Search Support

Avoid support scams. We will never ask you to call or text a phone number or share personal information. Please report suspicious activity using the “Report Abuse” option.

Learn More

Move profile "Storage" folder

  • 6 replies
  • 1 has this problem
  • Last reply by cor-el

more options

When I looked into why it was taking so long to backup my FF profile, I realized it was because their are over 21k files my backup software has to compare.

The majority of these are in the "Storage" folder -- apparently local/offline storage for various sites.

I've already moved the cache to a non-synced location using browser.cache.disk.parent_directory and would like to do the same with "Storage".

But I can't seem to find any info on what pref would allow me to do that. Any help or suggestions would be appreciated.

Chosen solution

I don't think there is a setting to relocate that folder. Have you considered creating an exception in your backup software, if it has that feature?

Read this answer in context 👍 0

All Replies (6)

more options

Chosen Solution

I don't think there is a setting to relocate that folder. Have you considered creating an exception in your backup software, if it has that feature?

more options

Thanks. That was going to be my solution if an organic FF one was not available.

Seems a shame that its not available in the config since it's been recognized for a while that "Storage" would be better in a location that was not part of syncs and backups (cf.

Would this be a simple setting to add or is there more to it?

more options

The secondary profile location is for unimportant temporary data (disk cache and startup cache and safe browsing data and thumbnails for the Firefox Home page) and data stored in storage is important as this is about storing persistent data (indexedDB) from extensions and websites and for internal use.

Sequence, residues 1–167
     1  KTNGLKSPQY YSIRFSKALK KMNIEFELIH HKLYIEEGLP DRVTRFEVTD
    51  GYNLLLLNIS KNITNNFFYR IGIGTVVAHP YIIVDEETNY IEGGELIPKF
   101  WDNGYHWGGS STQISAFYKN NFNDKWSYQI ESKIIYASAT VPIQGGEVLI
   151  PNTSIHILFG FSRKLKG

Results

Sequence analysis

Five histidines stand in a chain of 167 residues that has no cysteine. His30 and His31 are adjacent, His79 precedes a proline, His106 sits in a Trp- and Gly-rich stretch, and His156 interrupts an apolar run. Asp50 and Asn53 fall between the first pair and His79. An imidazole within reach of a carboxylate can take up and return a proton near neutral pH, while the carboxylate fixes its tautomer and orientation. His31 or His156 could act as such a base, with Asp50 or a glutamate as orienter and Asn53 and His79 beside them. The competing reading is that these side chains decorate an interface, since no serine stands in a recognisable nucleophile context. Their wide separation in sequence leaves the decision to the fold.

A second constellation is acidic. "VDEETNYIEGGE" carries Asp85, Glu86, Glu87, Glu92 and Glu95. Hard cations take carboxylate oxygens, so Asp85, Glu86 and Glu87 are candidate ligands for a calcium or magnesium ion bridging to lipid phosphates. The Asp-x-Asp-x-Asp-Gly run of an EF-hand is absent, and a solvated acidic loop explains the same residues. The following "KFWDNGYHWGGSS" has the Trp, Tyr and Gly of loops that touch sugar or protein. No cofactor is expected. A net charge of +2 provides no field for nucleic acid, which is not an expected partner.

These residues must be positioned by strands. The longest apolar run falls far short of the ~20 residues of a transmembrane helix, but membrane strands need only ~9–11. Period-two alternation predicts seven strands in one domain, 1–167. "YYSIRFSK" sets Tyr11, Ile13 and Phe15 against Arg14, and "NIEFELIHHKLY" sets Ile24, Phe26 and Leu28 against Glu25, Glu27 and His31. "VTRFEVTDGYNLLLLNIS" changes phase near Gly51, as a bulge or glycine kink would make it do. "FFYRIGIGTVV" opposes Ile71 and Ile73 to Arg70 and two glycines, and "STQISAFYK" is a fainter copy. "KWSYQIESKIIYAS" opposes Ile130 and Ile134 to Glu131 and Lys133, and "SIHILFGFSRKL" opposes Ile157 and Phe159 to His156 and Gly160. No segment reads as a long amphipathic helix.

more options

If I'm reading it right, a lot of the contributors in the above referenced bug report seem to be saying the opposite. To quote Rainer Meier ( "I think web application caches and web caches in general are of class "local profile data". If the user logs on to the same system it's nice to have them available but it does not matter if they are deleted. If deleted it might affect first access to a page (cache) or offline capabilities but no user data is lost. ...If the storage folder is deleted, it's just re-created and populated."

I realize that some users may want/need to make sure the data stored by a particular site is maintained, but for many it is just a lot of extra files to deal with. I'm not saying FF needs to change it's default behavior (that's a debate for people much higher than me), just that users be given the option.

Anyway, I realize this isn't the forum to debate this, so I will just mark jscher2000's answer as the best possible solution for now.

more options

My understanding is that the need for storage folders arose from the creation of scriptable DOM Storage to work around the limitations of cookies ( Local storage data is handled like cookie data (for example, if you block cookies, the site also cannot use local storage, and the storage database files are deleted when you clear cookies and site data).

Cache is a different beast altogether, created to address the bottlenecks imposed by dial-up network connections that were 1000x slower than a modern broadband connection.

This is not to say that old storage databases should linger indefinitely if you prefer to retain cookies. Maybe Firefox has or needs some kind of idle time cleanup for old/empty storage databases.

more options

Note that these days /storage/default also stores configuration data for about pages (e.g. about+preferences) and extensions data (moz-extension+++)